The Equal Employment Opportunity Commission, or EEOC, recently announced that it is working to "aggressively review" claims of discrimination against pregnant women and workers with care giving responsibilities.
The EEOC's overall mission is to ensure employers do not discriminate against employees. The federal agency further supported their focus on claims relating to pregnancy with an official statement noting that the agency was "committed to ensuring that job applicants and employees are not subject to unlawful discrimination on account of pregnancy or because of their efforts to balance work and family responsibilities."
The announcement came shortly after the EEOC entered two large settlement agreements against employers alleged of pregnancy discrimination. A medical staffing company based in Milwaukee, WI, agreed to pay $148,000 in settlement and an agricultural product and food ingredient supplier based in California settled for $140,000.
Impact on Pregnant Workers
Pregnant employees are protected against discriminatory practices by both state and federal laws. Under the Pregnancy Discrimination Act it is illegal to refuse to hire, promote or fire an employee based solely on the fact that she is pregnant.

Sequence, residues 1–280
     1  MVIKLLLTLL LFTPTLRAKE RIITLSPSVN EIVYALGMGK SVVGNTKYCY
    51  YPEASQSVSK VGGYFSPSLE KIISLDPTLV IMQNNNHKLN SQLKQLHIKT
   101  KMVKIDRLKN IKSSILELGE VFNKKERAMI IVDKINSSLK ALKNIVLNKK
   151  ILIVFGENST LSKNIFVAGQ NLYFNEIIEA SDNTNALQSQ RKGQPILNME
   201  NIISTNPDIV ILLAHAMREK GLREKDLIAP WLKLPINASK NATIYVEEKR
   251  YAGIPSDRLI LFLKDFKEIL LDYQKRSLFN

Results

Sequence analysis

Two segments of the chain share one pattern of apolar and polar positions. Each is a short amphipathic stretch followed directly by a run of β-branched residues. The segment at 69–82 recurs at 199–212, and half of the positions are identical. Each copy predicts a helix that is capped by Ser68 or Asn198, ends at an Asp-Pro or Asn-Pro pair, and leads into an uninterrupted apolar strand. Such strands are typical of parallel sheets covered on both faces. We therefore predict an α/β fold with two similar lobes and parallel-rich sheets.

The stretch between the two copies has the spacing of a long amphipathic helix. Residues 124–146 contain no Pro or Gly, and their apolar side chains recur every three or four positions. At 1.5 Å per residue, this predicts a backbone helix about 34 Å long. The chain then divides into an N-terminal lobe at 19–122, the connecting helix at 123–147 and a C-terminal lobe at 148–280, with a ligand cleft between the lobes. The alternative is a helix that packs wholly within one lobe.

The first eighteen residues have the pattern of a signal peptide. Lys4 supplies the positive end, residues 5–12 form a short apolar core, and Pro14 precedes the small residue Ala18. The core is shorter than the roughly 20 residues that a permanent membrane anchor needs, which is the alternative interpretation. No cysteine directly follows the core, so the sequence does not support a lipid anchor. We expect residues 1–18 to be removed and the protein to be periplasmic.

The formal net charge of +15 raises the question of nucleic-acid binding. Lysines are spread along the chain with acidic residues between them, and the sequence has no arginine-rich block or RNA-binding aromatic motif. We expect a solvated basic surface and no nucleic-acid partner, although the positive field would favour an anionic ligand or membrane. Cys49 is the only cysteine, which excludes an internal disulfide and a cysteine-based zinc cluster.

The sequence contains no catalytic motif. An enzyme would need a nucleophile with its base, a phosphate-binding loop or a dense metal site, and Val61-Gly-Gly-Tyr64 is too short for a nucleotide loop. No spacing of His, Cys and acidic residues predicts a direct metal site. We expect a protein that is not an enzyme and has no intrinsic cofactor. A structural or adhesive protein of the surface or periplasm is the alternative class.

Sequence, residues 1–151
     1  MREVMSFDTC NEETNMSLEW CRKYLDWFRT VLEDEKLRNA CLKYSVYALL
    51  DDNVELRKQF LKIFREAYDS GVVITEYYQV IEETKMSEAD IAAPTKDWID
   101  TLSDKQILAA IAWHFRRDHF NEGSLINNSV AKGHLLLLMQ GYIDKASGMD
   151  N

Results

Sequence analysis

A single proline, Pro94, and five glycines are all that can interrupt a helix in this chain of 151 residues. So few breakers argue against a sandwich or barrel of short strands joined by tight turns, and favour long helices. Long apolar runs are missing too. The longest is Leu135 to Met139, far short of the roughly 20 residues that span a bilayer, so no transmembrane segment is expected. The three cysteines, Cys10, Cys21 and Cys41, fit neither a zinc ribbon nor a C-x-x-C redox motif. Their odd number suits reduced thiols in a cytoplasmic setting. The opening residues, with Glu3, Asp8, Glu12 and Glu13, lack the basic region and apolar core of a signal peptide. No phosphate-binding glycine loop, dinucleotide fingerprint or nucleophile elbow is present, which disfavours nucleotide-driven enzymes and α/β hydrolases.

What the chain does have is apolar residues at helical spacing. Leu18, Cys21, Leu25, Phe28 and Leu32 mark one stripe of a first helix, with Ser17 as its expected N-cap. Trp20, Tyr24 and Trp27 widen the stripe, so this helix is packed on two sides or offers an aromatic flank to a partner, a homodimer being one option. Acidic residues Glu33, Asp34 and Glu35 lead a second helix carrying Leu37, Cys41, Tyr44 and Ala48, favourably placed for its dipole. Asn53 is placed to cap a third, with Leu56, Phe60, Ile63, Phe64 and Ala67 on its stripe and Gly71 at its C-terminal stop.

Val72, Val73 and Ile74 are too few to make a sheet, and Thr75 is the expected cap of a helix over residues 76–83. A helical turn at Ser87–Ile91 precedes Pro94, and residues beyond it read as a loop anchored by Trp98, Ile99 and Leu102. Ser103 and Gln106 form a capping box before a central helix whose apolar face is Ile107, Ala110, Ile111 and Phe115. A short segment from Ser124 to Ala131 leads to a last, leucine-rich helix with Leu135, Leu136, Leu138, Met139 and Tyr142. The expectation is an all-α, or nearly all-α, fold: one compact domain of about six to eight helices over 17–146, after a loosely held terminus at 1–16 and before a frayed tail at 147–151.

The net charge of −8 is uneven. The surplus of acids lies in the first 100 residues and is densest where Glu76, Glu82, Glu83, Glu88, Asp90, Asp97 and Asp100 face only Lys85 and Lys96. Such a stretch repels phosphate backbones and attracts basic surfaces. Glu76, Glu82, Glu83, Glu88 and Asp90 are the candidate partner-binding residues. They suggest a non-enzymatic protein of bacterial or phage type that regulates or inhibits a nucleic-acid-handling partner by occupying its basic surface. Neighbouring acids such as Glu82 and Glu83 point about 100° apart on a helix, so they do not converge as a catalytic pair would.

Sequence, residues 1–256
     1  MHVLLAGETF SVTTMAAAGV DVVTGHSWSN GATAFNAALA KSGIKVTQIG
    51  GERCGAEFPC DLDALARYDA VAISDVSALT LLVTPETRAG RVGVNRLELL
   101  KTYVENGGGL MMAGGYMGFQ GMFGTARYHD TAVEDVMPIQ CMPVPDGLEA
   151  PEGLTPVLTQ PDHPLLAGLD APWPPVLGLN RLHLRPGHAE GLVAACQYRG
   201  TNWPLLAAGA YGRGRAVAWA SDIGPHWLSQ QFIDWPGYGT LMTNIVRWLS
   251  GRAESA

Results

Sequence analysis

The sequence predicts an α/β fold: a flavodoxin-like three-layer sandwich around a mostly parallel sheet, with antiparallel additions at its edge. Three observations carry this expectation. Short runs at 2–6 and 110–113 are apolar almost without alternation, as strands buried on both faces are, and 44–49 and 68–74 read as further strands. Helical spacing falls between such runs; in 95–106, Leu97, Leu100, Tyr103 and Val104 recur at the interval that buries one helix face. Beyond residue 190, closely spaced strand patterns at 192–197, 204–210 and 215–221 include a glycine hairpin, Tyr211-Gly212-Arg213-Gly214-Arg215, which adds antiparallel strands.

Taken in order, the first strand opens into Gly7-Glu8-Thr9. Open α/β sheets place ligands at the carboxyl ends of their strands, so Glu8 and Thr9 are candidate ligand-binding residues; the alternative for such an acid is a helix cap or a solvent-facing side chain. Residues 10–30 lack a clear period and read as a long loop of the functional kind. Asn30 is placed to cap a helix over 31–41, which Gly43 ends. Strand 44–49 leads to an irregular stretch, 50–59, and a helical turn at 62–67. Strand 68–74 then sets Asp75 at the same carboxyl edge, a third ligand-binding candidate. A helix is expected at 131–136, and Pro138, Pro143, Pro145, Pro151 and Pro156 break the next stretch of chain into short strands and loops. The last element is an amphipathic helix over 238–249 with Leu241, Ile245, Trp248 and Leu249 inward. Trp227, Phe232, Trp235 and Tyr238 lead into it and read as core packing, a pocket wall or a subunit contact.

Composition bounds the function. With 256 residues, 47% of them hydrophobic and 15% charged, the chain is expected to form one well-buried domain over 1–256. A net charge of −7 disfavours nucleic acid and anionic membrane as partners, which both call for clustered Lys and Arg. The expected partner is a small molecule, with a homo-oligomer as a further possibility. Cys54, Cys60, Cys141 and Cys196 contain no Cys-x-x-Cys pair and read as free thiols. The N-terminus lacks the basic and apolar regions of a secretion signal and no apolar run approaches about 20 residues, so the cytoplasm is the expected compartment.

Employers are also required to provide pregnant employees with the same benefits as other workers. This includes:
- Health insurance
- Retirement plans
- Disability benefits
If the pregnancy results in the inability to complete job duties the woman must be treated the same way other employees with a medical condition are treated. This can mean that the employer will need to modify tasks, provide alternative assignments or allow for disability leave.
If an employer violates this law legal remedies are available. This can result in reinstatement to the position held prior to discrimination, back pay and other forms of compensation.